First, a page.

UX for Autonomous Vehicle (AV) on-road test driving
What they needed
As part of a 3-stage testing process, Wayve has a team of highly trained, highly-skilled drivers - AVSO’s (Autonomous Vehicle Safety Operators) - who conduct on-road testing of the AI software.
These AVSOs monitor how the self-driving technology performs on public roads, and are on hand to step in to correct it if needed (by switching the car back to manual driving or overriding the self-driving features at any time).
On-road testing is essential to the development of self-driving technology, and Wayve runs 100s of on-road tests every week.
Our job was to identify how to improve the AVSO user experience, and the reliability and accuracy of the data that the on-road testing provides their in-house research and software engineering teams.
“On-road testing is essential to developing and validating our self-driving technology. It provides real-world data that can only be obtained by driving on public roads. We started testing on public roads in London and other UK cities in 2018. Our daily on-road trials take place with an expert safety operator behind the wheel at all times.” – https://wayve.ai/safety/how-we-test/
What we did for them
Through a stakeholder interview, ethnographic research, and user interview that enabled us to understand the issues AVSO’s experienced with the test software, and a UX workshop, we were able to uncover a number of areas that could be improved.
Fruto’s UX researchers spent a morning with a Wayve AVSO to get a better understanding of how the AVSOs interacted with the software, and what it was like to monitor an autonomous vehicle.
Joining a test drive around London allowed us to observe the AVSO's overall experience and interaction with the interface that was potentially influencing the quality of the data that the on-road testing provided the research team.
Conducting the interview in this way - with the user in their natural physical environment, completing a real test drive - meant that the AVSO could both show and tell the details of their experience, including occasional workarounds to certain challenges they faced.
This provided our researchers with more detailed, holistic research insight into the end-to-end user experience.
Having completed the contextual user interview, we then ran a half-day user journey mapping workshop with stakeholders.
We started the session by delivering a short introduction to UX. This ensured that workshop participants understood the reasons behind the UX research, and provided them with a better understanding and awareness of the importance of user experience design to take away and apply to their everyday work activities and decision-making.
Bringing people from across different teams of the company together to holistically look at the AVSO experience and map out the user journey (identifying what goes well and what could be improved), really helped us further understand both the problems and opportunities with the testing experience and data it produced, and the potential solutions.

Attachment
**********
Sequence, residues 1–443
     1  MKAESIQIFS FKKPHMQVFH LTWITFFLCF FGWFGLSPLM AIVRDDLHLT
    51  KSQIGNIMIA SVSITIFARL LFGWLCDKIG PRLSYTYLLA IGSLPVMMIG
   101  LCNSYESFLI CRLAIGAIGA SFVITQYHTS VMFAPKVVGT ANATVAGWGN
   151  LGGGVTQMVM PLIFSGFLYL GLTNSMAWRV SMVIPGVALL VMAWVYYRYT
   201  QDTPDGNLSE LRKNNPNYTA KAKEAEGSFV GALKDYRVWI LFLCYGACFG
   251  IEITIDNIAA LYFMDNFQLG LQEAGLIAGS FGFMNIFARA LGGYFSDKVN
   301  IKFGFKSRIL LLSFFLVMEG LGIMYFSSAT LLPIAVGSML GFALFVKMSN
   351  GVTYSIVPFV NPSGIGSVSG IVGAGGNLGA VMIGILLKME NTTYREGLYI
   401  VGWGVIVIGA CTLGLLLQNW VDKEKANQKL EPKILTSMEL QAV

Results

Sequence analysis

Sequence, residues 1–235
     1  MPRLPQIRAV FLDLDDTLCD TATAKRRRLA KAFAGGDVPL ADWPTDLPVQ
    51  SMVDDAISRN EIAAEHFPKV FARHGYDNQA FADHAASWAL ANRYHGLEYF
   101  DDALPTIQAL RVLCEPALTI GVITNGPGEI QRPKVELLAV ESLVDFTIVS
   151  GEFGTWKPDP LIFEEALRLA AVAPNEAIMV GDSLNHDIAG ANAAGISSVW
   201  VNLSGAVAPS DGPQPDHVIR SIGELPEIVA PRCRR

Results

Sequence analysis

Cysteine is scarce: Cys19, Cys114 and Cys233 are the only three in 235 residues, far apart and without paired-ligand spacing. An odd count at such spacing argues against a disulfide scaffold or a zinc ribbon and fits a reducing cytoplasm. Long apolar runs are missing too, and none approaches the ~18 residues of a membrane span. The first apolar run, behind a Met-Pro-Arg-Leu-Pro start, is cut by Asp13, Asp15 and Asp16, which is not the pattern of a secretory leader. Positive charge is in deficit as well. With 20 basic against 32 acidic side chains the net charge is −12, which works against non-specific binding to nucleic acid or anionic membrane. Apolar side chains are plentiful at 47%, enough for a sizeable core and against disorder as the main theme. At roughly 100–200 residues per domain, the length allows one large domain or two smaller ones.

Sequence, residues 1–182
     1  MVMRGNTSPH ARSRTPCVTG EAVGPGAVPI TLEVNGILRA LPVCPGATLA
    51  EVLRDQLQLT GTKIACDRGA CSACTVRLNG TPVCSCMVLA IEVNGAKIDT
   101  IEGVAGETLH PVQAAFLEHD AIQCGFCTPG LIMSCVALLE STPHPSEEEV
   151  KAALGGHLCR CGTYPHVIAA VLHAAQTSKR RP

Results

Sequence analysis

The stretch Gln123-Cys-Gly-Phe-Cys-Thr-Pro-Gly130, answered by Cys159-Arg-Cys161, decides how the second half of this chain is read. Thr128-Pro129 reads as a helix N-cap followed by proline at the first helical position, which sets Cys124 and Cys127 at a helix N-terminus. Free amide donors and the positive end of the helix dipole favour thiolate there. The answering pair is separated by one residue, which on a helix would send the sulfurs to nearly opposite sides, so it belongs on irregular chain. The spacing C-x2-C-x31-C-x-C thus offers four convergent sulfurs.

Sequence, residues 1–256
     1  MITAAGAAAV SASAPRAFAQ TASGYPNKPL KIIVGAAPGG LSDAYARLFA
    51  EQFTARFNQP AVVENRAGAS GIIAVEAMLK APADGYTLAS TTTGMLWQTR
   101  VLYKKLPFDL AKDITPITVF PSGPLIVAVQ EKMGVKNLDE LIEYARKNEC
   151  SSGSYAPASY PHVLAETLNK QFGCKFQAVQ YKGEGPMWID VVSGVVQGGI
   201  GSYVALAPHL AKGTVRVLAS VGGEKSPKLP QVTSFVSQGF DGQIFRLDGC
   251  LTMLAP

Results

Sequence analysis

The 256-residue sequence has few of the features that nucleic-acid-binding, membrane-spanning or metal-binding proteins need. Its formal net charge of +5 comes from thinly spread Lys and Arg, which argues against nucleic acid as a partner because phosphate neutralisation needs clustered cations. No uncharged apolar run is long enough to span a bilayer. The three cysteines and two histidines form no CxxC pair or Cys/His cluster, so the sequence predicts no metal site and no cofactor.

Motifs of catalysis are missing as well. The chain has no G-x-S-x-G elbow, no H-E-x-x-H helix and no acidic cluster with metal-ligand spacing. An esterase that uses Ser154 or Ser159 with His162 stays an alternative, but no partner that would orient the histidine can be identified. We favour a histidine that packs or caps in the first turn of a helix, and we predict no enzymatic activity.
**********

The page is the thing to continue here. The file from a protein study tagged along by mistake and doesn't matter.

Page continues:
Journey mapping provided a collaborative platform through which we could facilitate Wayve's team to think about how they conduct their on-road experiments.
Including members of Wayve’s research and engineering teams in the workshop enabled us to fully understand the importance and accuracy of the data that the on-road tests provided
Having the same user (AVSO) from the interview partake in the workshop allowed us to ask questions directly relating to the observed experience and refer back to incidents in the specific context.
Workshop attendees were all highly engaged in the activity, which resulted in creating over 100 Post-It notes relating to the daily journey of the expert drivers from multiple different perspectives.
“I found it very useful to map the journey. I felt like I should know most of what we uncovered, but actually, it shed new light on the UX. I now have more context and the ability to articulate the phases of the experience.”
– Workshop attendee
Digitalising this journey map meant we had a permanent record to refer back to when analysing the data and pulling together a recommendations report.
Analysing the data collected in the user research session, we identified some potential improvements in the user journey - some of which were quick wins that would be relatively fast to implement, whereas others would require more intensive design and development work.
For example: Supporting smoother experiment feedback experience
We analysed the process of an AVSO capturing post-experiment feedback for researchers. Existing approaches provide good data but can be time-consuming and add cognitive load and context switching for the people entering complex information:
The quick-win solution: Provide no-typing input to provide feedback easier.
The longer-term solution: Co-creation workshop to redesign the feedback loop.
The results of our findings were presented back to Wayve's team in the form of a recommendations report.
Some improvements to the assignment flow have already been put into practice, with plans now being made around tackling the challenges that require a more strategic design solution.
It was a fantastic workshop with the Fruto team, we came out with some real practical recommendations which immediately improved our workflows. Additionally, our wider team gained an understanding of the complexities and frustration of the user process and gained the tools to explore how we can improve it together.
As designers, it’s really exciting to be involved with projects that involve working with emerging technologies such as AI and machine learning. And Wayve is a great example of how investing in UX expertise leads to better, more user-centred digital experiences.
If you’ve got a similar project you’re interested in us working on, please get in touch.